The sun, barely ripe on the bay’s horizon, offers the promise of warmth later in the day. The morning is still cool with a hint—an afterthought, really—of remaining mist. Hugging oneself in the muted hush of dawn’s solitude, we revel in the bone-deep pleasure of having the porch almost to ourself. The only other occupant are clothesline thoughts that open their souls—slowly—as mussels do when steamed.
I’m struck by the clarity with which my dear friend, Canadian artist Terrill Welch, has captured the moment in Breezy Bay Morning on Saturna Island, a 36 x 36 inch oil on canvas painting that offers a private view where we inhale the glory of brine-tanged air, take in the contours of the land and distant bay, and if we’re willing, allow nostalgia to sweep through us, carried by a wave of retrospection.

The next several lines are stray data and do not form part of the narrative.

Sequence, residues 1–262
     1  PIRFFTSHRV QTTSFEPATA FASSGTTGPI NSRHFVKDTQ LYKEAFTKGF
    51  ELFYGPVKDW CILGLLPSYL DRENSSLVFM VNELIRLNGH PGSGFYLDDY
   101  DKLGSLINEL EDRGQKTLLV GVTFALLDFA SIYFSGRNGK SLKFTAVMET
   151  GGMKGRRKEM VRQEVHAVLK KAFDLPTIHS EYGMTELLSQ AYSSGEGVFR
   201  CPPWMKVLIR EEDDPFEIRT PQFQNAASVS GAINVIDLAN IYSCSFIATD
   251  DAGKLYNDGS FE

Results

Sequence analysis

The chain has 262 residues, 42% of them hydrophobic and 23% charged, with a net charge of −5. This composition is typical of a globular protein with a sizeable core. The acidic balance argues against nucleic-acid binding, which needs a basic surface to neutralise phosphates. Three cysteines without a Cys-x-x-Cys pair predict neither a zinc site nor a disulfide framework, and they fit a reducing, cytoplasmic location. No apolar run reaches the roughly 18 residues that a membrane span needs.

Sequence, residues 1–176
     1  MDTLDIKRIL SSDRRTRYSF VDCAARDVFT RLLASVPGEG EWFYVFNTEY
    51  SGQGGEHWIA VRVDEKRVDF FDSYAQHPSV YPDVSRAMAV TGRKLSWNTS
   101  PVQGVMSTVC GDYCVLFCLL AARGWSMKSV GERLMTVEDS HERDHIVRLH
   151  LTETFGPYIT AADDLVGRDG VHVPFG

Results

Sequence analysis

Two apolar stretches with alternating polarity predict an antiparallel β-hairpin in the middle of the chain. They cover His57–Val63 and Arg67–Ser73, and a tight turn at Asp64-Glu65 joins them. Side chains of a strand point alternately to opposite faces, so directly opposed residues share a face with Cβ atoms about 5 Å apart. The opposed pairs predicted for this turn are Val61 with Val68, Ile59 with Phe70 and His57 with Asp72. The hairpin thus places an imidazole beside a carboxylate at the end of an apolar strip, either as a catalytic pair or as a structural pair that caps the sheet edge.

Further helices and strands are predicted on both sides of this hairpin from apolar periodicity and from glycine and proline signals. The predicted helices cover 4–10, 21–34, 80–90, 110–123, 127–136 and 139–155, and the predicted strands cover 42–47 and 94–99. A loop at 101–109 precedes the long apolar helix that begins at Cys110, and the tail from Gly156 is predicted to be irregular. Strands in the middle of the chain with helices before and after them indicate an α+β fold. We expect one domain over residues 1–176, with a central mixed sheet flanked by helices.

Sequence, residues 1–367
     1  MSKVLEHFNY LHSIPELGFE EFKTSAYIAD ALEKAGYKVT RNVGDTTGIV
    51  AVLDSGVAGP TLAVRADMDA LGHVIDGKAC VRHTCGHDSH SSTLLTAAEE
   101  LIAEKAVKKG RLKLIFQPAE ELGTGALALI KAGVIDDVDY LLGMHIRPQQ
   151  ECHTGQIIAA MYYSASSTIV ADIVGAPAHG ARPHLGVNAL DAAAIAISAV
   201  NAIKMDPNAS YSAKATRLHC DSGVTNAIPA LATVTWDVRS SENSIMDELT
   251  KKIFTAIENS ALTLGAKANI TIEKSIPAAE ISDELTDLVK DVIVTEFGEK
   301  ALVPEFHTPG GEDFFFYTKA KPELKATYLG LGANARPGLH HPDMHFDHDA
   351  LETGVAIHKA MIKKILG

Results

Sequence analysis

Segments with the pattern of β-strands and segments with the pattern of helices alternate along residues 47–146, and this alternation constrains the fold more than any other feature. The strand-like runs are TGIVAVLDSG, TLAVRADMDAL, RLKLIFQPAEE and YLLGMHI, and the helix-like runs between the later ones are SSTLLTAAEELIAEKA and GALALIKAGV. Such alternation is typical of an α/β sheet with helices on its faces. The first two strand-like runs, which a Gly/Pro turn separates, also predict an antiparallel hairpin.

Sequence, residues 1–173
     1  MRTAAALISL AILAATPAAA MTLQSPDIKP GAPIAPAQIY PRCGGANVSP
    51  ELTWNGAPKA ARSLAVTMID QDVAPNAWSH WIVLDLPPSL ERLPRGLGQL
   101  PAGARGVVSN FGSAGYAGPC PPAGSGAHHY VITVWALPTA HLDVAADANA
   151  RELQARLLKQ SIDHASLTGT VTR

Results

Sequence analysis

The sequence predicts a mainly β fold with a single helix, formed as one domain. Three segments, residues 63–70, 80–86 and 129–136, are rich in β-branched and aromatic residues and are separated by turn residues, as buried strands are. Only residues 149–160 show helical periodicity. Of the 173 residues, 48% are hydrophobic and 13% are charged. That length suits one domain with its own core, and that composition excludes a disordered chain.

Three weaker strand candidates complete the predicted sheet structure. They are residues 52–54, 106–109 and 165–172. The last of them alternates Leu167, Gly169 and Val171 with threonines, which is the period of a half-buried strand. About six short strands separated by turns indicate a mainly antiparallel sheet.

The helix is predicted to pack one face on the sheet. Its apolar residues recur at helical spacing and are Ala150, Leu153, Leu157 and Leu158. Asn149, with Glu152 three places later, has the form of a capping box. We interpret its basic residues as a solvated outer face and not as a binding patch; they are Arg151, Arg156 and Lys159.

Perfectly set at arm’s reach, the pulley allows us to retrieve memories, much like scenes in a play. Some evocative and positive, soaked in the freshness of purifying sunlight; others flap and snap in the gust of pre-storm turbulence. Seasoned, those of us who’ve lived any life know that reminiscing is often a bittersweet experience.
The world is chaotic. The serene setting in Breezy Bay Morning on Saturna Island offers a gentle porch view.
Every clothesline tells a story—even the one in our mind’s eye. What’s yours?
© Laurie Buchanan